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Gair, Gair, Conason, Rubinowitz, Bloom, Hershenhorn, Steigman & Mackauf is a New York Plaintiff's personal injury law firm specializing in automobile accidents, construction accidents, medical malpractice, products liability, police misconduct and all types of New York personal injury litigation.
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How to prevent traumatic brain injury in children and teenagers?

child-playingChildren and teenagers are prone to traumatic brain injuries (TBI). Over a million of them check in an emergency room in the US for a non fatal Traumatic Brain Injury every year. A recent study conducted by researchers under the lead of Bina Ali for the nonprofit Pacific Institute for Research and Evaluation  looked at the causes of these injuries.  To do so the researchers used data from the National Electronic Injury Surveillance System. They  found that between 2010 and 2013 more than 4 million children were diagnosed by emergency room doctors for non fatal TBI.

Among the different categories of ages, those the most prone to suffer TBI were among the youngest and among the oldest. 1,085,680 children between the age of 1 and 4  and 1,107,463 teenagers between 15 and 19 year old were diagnosed with TBI during the period under review.

The causes of  TBI vary depending on the age of the child. Almost 3 quarters of TBIs suffered by  toddlers were related to home fixtures, furniture and structures.  Falling from chairs and beds were the most common furniture related accidents while tripping on the floor or falling down the stairs caused the most TBIs related to home fixtures and structures.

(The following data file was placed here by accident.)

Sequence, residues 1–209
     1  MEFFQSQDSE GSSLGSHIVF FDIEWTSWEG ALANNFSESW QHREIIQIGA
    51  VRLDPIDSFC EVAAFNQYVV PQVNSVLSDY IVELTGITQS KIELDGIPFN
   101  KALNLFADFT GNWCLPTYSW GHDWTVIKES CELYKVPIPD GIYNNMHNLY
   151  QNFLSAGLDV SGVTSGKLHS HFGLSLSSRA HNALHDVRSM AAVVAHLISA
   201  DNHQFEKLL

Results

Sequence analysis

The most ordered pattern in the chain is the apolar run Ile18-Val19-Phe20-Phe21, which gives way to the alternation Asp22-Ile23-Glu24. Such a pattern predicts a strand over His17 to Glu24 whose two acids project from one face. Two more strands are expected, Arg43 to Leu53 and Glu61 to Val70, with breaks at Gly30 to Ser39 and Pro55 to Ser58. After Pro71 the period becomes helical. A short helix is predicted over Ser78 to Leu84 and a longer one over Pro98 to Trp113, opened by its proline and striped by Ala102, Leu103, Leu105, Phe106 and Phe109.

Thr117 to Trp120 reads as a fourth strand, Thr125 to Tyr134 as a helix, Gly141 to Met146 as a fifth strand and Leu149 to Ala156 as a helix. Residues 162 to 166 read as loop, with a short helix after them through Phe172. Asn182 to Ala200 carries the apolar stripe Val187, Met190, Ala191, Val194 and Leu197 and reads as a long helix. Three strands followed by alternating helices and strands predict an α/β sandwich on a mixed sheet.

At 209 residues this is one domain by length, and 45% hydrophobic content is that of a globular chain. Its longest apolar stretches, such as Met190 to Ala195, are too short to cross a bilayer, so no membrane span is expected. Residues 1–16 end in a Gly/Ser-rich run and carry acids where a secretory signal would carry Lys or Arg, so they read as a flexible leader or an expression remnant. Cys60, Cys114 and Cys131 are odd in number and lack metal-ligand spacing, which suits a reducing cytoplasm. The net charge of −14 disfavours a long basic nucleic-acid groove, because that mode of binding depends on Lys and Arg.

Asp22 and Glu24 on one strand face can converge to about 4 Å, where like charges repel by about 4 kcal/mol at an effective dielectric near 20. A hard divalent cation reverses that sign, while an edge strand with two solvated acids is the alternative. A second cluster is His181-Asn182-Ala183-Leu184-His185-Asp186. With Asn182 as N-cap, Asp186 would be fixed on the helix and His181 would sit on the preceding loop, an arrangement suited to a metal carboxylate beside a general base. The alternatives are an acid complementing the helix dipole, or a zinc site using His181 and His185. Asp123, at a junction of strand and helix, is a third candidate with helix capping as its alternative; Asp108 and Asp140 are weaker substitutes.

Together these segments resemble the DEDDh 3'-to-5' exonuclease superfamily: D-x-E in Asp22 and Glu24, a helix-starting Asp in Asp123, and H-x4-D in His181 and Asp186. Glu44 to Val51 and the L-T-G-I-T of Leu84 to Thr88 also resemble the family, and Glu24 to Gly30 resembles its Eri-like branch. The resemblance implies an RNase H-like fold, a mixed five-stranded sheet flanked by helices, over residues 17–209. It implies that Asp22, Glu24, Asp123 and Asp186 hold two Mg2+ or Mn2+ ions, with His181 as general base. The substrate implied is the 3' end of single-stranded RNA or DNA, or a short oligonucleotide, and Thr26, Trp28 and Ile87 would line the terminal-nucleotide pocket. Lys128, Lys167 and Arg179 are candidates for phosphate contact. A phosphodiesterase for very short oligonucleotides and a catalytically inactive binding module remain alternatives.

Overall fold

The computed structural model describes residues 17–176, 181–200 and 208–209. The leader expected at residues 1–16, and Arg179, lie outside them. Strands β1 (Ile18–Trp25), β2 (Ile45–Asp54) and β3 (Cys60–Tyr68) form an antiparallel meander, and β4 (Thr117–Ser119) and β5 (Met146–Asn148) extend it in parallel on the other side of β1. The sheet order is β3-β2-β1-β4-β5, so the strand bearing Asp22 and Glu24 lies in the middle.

Sports and recreation account for more traumatic brain injuries as children grow up: they account for more than 30% of TBI for the 5 to 9 year old, for more than 50% for the 10 to 14 year old and for a little less than 40% for the 15 to 19 year old.

American Football continues being the highest cause of traumatic brain injuries for all children aged 10 to 19 year old followed by Basketball. Traumatic Brain Injuries sustained while practicing football are often the most severe and the most debilitating. Parents should not only make sure that children wear proper protective equipment but should also meet with the coach and make sure that he has training in injury prevention and that there is a culture of safety prevailing among the staff.

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